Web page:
much of the theology that surrounds advocacy in the modern christian church seems to be heavily influenced by Christ’s conversation about the judgment found in Matthew 25:31-46. the premise is very simple: Christ sets up a dichotomy between two groups of individuals; group a (the sheep) are said to have clothed, bathed, fed, and helped Christ by helping those in need; group b (the goats) are said to not have done those things. the logical conclusion for many in the church today is this: the necessary response to our faith in Christ is advocacy for others; especially those on the marginalized fringes (i know it is a broad generalization but i stand firm to the veracity of the statement).

another way to put it is that advocacy for others is a good thing, especially when that advocacy is for those who are in the truest state of need.

as our cultural attention has shifted to trayvon and zimmerman it is hard to ignore the cries, pleas, and calls for justice. to be sure any life that is taken is a tragedy, and the young life that was snuffed our so quickly is no exception. regardless of reason, motive, or intent, george zimmerman acted in a way that is both terrifying and bewildering. as my long time friend and mentor, art gray, pointed out in a recent blog post (44 days to hope; before and beyond trayvon and zimmerman) the issue that cannot be forgotten is that justice is a “precious resource” and that it is our responsibility as people to ensure that the resource is not lost.

what art calls for is continued advocacy—beyond the trappings of race and racism, but never ignoring them. the heart of this issue is that we live in a culture that all at once teaches us to fight against tyranny and oppression yet facilitates inequality amongst people. watch this video and beyond the strong language you can see this reality in the words spoken by the young lady. read the comments and this strange dichotomy becomes manifest.

but at what cost does advocacy come?

personal reflection leading to identify more with the zimmermans of this world than the trayvons—the oppressors rather than the oppressed; the stark realization that time and effort spent is spent mainly on vapid endeavors and less on worthwhile causes; overwhelming guilt and crushing shame that comes with understanding selfishness and depravity; finally realizing that being a minority and being a victim are not the same thing1; or the simple revelation of hardness and darkness in the heart?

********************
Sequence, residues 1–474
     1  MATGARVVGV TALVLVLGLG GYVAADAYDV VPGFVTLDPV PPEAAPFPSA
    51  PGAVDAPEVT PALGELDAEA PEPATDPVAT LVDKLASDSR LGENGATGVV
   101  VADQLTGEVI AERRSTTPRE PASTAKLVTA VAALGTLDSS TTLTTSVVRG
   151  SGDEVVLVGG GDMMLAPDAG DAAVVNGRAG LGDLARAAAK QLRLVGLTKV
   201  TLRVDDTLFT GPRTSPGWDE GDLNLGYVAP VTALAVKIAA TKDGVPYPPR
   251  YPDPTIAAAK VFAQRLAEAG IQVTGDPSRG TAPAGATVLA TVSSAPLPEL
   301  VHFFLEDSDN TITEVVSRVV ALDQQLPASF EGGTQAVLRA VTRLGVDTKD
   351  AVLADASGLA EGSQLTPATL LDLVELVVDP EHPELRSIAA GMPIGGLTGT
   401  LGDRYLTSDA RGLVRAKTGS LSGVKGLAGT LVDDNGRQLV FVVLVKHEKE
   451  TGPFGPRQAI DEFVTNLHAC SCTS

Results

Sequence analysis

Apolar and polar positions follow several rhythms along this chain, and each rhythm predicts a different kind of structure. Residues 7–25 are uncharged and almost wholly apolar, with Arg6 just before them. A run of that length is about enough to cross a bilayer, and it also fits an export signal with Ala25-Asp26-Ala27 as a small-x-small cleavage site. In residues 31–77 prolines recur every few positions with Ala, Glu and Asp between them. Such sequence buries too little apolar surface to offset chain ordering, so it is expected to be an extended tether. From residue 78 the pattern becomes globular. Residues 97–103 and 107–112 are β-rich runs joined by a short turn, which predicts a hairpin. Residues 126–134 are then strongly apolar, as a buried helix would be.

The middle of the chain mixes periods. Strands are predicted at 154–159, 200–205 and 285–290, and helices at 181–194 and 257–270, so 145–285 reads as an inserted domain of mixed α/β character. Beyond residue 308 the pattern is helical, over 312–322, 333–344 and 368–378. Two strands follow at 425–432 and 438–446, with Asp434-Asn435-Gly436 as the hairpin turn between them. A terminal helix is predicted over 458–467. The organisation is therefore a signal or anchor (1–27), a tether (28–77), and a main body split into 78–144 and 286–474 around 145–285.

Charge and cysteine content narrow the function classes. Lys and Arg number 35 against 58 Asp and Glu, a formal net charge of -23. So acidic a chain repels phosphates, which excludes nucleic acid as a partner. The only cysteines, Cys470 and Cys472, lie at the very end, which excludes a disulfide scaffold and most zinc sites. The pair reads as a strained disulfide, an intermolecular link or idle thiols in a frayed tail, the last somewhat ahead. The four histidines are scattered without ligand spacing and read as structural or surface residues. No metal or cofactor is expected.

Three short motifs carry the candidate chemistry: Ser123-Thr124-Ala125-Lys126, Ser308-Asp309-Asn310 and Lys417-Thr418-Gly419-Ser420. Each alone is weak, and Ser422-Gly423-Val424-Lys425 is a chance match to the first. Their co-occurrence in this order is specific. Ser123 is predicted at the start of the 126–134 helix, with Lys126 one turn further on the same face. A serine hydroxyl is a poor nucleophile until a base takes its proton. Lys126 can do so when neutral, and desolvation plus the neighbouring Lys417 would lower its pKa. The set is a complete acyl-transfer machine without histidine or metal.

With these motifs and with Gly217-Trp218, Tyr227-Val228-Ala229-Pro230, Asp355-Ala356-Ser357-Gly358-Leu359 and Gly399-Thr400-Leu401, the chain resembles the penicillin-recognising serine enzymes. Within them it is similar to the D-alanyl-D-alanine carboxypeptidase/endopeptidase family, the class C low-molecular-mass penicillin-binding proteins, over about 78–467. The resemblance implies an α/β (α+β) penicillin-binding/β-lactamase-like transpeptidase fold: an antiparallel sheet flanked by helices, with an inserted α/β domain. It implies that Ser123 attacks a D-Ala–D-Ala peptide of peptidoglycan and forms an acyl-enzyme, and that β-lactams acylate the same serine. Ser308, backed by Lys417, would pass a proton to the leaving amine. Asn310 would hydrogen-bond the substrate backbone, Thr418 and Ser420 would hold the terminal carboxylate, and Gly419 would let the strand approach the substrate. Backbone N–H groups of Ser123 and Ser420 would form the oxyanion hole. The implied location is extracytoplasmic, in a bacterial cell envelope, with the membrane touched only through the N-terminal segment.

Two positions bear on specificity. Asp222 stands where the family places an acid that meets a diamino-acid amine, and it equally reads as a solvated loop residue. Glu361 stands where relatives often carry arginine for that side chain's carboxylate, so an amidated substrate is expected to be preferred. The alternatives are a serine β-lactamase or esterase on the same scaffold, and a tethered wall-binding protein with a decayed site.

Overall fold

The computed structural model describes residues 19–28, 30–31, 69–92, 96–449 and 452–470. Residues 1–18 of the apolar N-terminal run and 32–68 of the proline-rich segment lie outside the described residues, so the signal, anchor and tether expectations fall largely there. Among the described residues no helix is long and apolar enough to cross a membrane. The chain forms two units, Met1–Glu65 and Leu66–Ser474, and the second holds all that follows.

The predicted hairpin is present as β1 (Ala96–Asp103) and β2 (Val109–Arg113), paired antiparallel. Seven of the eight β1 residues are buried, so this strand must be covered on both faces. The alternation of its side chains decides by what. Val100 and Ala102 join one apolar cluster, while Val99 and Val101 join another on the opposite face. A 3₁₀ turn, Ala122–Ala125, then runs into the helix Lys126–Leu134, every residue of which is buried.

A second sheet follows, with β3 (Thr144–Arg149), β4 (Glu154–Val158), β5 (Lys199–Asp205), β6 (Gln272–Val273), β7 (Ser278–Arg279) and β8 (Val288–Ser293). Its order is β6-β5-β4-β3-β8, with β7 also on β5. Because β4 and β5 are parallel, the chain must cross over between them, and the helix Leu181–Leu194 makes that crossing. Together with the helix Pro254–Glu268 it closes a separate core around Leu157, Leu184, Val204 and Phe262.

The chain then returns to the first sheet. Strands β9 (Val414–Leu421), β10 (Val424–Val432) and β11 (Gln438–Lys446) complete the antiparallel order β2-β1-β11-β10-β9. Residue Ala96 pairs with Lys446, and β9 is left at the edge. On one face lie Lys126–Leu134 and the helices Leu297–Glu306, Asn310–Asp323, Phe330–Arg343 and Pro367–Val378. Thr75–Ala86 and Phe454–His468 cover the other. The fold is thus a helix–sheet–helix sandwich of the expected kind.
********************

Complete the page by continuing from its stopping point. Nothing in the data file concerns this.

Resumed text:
in truth that question is irrelevant.  despite who you are, what race, what gender, what sexual preference, what anything; despite who you are Christ advocates for you. His death, resurrection, and ascension into heaven at once defeated death, the enemy, and sin for all time.  Christ, above all else, cared so deeply for you as an individual that he would lay down his life, willingly, so that you, i, we could find reconciliation with our creator, our God, and find eternal peace. His advocacy for us was final, unblemished, and absolute.

as Christ spoke about the final judgement to his disciples and those following, he foreshadowed the inevitable, he spoke about us.  Christ told his disciples a paradox that still perplexes today: that it is by advocating for others, by standing in the gap, by reaching out and doing what is right, that we can reach out and touch a part of Him.

it is not important to understand the cost of advocacy. what is important is understanding the cost of living a life without it.

thank you art gray for living this out in your life. you have always inspired me to understand humanity by moving beyond race but never ignoring the realities of it. for that i am eternally grateful.


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